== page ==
• Business economics: fund management is generally a very profitable business. Impax has reasonable returns on capital and margins. As a fund manager, I imagine it must have a capital light business model. It has quite a bit of net cash.
  • Track record: the track record is pretty good for the last 4 to 5 years, with fairly rapidly growing profits. Before that Impax has been through some ups and downs in more difficult market conditions. Impax looks a bit cyclical.
  • Competitive advantage: fund management is a very competitive sector as clients can very easily withdraw money to move from fund to fund. This means it is possible to grow quickly but also to shrink quickly if the fund performs poorly or faces increased competition. Impax is attractive as it has a differentiated proposition which should insulate it from competition to some extent. This isn’t the most sustainable of competitive advantages, but should allow Impax to continue to do well for some time.
  • Growth prospects: while Impax may not have the most sustainable competitive advantage, this is compensated for by the growth prospects. Impax is still fairly small and looks to be on a roll at the moment. I would imagine that demand for its proposition is likely to continue to grow. It could have quite a long way to go.


The valuation looks pretty reasonable – on the face of it very cheap given the growth prospects, but I don’t think a fund manager should be rated as highly as most of the other businesses I invest in because of the risk from competition. Momentum is excellent, with a big acceleration in profit and revenue growth and in the share price over the past year. However, the timing of my purchase was a little unfortunate and the price has dropped a bit since. I hope it rebounds fairly quickly or I could be forced to sell.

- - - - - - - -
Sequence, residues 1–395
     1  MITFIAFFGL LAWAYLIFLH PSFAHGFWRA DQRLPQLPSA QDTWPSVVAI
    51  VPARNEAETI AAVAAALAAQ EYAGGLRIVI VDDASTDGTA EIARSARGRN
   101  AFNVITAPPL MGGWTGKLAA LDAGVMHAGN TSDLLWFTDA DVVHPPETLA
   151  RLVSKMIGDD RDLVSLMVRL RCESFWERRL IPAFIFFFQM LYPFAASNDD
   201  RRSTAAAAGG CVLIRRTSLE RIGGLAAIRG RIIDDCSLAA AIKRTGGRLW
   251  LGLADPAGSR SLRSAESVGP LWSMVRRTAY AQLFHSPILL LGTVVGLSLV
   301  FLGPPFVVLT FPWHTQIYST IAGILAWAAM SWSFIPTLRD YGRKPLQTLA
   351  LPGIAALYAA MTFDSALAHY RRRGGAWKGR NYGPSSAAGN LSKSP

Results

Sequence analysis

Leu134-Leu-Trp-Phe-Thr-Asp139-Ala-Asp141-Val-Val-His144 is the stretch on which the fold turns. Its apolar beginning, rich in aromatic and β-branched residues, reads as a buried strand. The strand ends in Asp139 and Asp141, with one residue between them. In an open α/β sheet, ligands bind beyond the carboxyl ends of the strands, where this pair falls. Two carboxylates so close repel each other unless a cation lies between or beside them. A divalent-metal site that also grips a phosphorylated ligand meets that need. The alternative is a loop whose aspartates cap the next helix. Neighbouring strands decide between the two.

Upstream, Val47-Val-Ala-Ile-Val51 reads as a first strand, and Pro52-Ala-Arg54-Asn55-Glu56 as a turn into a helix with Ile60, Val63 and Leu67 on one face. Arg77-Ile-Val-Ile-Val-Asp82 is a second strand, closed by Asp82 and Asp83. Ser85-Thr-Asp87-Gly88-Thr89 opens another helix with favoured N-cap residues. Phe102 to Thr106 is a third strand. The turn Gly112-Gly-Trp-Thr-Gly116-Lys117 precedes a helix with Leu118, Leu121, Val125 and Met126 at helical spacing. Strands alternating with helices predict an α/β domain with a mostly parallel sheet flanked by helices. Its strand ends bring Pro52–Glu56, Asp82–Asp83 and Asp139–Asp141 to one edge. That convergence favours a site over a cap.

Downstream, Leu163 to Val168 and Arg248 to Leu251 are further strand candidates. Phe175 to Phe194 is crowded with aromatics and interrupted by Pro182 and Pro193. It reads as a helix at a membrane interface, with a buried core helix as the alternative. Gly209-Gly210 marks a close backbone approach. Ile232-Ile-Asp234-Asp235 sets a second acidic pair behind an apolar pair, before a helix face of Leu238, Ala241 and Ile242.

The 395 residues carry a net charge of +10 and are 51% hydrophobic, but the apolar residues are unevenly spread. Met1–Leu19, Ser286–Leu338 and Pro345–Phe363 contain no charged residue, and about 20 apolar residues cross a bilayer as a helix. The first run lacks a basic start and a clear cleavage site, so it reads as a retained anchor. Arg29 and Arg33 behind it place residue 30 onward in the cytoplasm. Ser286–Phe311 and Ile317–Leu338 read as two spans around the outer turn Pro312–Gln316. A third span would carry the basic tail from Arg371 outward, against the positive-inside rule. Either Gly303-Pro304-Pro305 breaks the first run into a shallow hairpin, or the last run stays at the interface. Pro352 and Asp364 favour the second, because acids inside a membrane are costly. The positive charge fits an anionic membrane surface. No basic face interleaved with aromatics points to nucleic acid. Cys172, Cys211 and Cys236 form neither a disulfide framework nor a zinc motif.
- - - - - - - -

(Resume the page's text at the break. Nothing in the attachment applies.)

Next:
Trex is a manufacturer of wood-alternative decking products, predominantly focused on the US. A theme connecting Trex and Impax is sustainability- as one of the key benefits of wood-alternative products is that they are more sustainable.


  • Business economics: The economics look excellent. Trex is extremely profitable with huge margins and returns on capital. While manufacturing wood composite might sound like a capital intensive business, Trex’s capital investments in recent years have been relatively modest. Trex’s high profitability indicates that it is likely to have a significant competitive advantage.
  • Track record: Trex has been growing at quite a clip for the last few years, but looking back further reveals it made losses for a few years after the financial crisis. This makes sense as Trex’s business is focussed on US construction, which was hit particularly hard. Sensitivity to the economic cycle is clearly a risk here.